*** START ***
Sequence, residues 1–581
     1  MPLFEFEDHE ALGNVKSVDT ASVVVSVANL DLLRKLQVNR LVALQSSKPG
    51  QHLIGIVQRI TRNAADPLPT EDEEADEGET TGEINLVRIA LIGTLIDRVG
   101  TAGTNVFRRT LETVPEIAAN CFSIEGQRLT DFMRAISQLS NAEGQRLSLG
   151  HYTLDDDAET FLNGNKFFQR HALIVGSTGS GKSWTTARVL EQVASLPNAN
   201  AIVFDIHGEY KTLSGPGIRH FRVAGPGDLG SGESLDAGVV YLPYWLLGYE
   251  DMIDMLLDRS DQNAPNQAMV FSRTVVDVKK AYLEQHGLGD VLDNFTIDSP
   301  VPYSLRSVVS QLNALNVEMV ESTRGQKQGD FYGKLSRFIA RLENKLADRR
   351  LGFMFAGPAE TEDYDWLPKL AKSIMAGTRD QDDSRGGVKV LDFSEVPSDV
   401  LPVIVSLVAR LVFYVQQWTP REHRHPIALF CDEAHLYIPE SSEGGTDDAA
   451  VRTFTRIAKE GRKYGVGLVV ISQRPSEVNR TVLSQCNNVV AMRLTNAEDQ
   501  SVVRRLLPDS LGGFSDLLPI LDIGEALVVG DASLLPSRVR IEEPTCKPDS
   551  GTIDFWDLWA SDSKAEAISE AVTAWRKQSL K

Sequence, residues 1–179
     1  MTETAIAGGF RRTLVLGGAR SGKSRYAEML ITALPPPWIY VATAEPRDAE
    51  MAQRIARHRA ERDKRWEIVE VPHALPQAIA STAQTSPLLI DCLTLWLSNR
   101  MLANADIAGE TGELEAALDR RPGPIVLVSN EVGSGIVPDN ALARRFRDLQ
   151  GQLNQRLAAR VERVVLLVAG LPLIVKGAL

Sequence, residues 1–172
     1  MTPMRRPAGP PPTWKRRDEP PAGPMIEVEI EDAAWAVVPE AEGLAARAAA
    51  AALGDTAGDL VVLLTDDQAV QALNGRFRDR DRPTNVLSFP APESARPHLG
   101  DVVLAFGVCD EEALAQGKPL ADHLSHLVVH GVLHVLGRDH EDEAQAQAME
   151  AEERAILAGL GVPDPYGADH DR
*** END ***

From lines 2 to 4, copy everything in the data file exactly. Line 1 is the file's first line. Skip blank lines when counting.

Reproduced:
     1  MPLFEFEDHE ALGNVKSVDT ASVVVSVANL DLLRKLQVNR LVALQSSKPG
    51  QHLIGIVQRI TRNAADPLPT EDEEADEGET TGEINLVRIA LIGTLIDRVG
   101  TAGTNVFRRT LETVPEIAAN CFSIEGQRLT DFMRAISQLS NAEGQRLSLG